Orthodox doctrine in certain circles is that raising tax rates on the more affluent is a jobs-killing exercise that would weaken a painfully anemic economic recovery. More broadly, those who would render less to Caesar believe lowering taxes for everyone would invigorate growth, boost savings and investment, and create a bigger, healthier economy for everyone.
Some outside-the-box thinking on this vexing issue has been offered by the Congressional Research Service. An arm of the Library of Congress, CRS "is well known for analysis that is authoritative, confidential, objective and nonpartisan." It says so on its website.
CRS took a look at the relationship between the relentless reduction of tax rates on those in the upper-income brackets and economic growth -- and concluded that there is no relationship.
A review of the data "suggests the reduction in the top tax rates have had little association with saving, investment or productivity growth," CRS concluded.
However, it did find another relationship: Taxing the more affluent at lower rates "appear[s] to be associated with the increasing concentration of income" among those in the higher tax brackets.
The top marginal tax rate -- the percentage paid on the last dollar of income earned -- was higher than 90 percent through the late 1940s and 1950s, according to CRS. Today, it is 35 percent and set to increase to 39.6 percent next year unless Congress extends the Bush tax cuts.
The Congressional Research Service also looked at average tax rates -- what individuals pay after they capitalize on the myriad deductions and credits engineered into the U.S. tax code as well as the lower tax rates that apply to investment income such as capital gains and dividends.
Average tax rates explain why billionaire Warren Buffett pays a lower percentage of his income in taxes than his secretary pays on hers. They also explain how President Barack Obama paid 20.5 percent of his $789,674 income last year in taxes and why Mitt Romney, his Republican opponent, paid $1.9 million, or 14.1 percent of his $13.7 million income.
CRS also found that average tax rates for the top 0.01 and 0.1 percent of taxpayers declined during that period, from about 55 percent to 60 percent in the mid-1940s to about 25 percent currently.
Its findings notwithstanding, the economy today is a much different animal than it was over the period of time that CRS examined, said James Holtzman, of Legend Financial Advisors in McCandless.
"We're in a massive deleveraging cycle right now. That wasn't the case in any of these other eras," he said, adding that generalizations between taxes and economic growth then and now "are sort of worthless."
Robert Fragasso of Fragasso Financial Advisors, Downtown, said the decline in tax rates since World War II "corresponds to the greatest period of growth in our country's history." But tax rates are only one of many factors that move the economy. Growth also depends on interest rates, regulation, trade, inflation and other factors, he said.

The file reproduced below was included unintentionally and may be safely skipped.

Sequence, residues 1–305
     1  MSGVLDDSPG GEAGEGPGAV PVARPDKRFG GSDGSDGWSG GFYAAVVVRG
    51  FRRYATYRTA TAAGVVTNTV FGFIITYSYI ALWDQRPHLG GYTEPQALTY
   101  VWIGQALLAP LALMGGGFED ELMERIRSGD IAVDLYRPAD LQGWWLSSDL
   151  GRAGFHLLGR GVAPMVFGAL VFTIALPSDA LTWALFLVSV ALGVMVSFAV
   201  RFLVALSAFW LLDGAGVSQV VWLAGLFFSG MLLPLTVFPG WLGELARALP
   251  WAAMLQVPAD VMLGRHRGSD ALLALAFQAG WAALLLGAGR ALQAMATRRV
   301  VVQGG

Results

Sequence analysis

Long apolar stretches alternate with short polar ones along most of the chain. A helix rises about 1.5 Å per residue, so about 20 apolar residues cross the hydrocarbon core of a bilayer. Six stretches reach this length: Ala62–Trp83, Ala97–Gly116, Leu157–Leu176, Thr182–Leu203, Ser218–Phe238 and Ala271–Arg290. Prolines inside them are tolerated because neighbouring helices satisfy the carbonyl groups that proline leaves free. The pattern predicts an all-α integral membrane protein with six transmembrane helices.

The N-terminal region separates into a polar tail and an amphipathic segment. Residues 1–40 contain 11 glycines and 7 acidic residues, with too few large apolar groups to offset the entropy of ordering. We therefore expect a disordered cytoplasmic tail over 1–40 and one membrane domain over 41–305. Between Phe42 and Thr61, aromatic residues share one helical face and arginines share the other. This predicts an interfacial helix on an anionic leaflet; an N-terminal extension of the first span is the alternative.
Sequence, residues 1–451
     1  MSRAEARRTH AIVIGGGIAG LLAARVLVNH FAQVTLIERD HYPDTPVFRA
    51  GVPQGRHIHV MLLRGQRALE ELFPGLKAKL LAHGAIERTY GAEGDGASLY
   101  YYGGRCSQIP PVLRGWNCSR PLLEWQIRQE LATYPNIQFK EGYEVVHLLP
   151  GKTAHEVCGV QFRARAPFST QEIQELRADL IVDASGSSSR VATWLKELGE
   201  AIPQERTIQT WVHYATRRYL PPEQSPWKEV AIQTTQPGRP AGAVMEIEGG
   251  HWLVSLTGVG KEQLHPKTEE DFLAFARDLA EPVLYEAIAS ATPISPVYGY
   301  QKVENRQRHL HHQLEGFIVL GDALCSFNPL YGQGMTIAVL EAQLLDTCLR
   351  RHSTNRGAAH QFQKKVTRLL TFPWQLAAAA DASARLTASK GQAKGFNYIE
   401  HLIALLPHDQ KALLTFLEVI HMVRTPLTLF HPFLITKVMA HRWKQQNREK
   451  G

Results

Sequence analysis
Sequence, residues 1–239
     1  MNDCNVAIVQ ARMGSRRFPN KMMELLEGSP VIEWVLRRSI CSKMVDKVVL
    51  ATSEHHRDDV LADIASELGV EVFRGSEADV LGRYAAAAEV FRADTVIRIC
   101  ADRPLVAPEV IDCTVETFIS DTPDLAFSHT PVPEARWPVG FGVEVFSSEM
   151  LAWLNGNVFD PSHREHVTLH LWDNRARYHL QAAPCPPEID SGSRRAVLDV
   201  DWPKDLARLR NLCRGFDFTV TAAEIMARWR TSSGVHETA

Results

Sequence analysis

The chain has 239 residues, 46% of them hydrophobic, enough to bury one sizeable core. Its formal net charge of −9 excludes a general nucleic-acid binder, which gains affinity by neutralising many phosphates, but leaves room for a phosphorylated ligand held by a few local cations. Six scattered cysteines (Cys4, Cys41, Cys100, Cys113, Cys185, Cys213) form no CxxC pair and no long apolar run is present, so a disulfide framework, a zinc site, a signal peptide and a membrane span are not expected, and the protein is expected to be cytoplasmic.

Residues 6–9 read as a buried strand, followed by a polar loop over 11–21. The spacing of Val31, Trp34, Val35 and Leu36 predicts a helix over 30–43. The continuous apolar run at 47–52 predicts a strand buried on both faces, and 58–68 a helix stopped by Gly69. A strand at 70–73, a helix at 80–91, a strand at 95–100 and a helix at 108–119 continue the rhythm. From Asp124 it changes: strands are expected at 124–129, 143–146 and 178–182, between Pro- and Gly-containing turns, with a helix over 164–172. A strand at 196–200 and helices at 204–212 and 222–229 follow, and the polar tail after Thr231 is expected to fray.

"When all factors work together, we get positive results," Mr. Fragasso said.
Ronald Heakins of OakTree Investment Advisors in Shadyside said he would not dispute the conclusion that the Congressional Research Service reached.
He said more favorable tax treatment of long-term capital gains -- currently taxed at a maximum rate of 15 percent and scheduled to go to 20 percent at the end of the year -- have increased income inequality by making the rich richer.
Mr. Heakins cited a recent study by the Cleveland branch of the Federal Reserve Bank that shows wages, salaries, pension, insurance and other types of work-related income as an overall share of income has shrunk over the last 30 years while the share generated by investment income has increased.
Short-term capital gains -- gains realized by selling an investment held for one year or less -- are taxed at the same rate as wages, up to a maximum of 35 percent. Sell the same investment a day later and it's considered a long-term capital gain and taxed at considerably lower rates.
Mr. Heakins believes the holding period should be extended to at least three years, preferably five, before the favorable tax treatment kicks in.
"I do not think anyone would not buy shares of Exxon, Heinz or Apple because the capital gains and dividend tax rate was the same as ordinary income," he said.
Greg Melvin of C.S. McKee, a Downtown investment firm that is organized as an employee-owned partnership, believes low tax rates promote growth.
He said employees pay taxes on the partnership's profits at individual rather than corporate tax rates. Lower rates have enabled them to pay off their mortgages, contribute the maximum to their retirement accounts, and make other investments and purchases. The rates have also helped the firm grow from 22 to 38 employees, he said.
Whether based on their own rigorous analytics or political expediency, members of Congress will agree or find fault with CRS' authoritative, objective and nonpartisan conclusion that there is little connection between taxes and economic growth. Regardless of where they stand, their fortunes this November to a large extent hinge on whether voters find CRS' findings believable or balderdash.
Len Boselovic: email@example.com or 412-263-1941.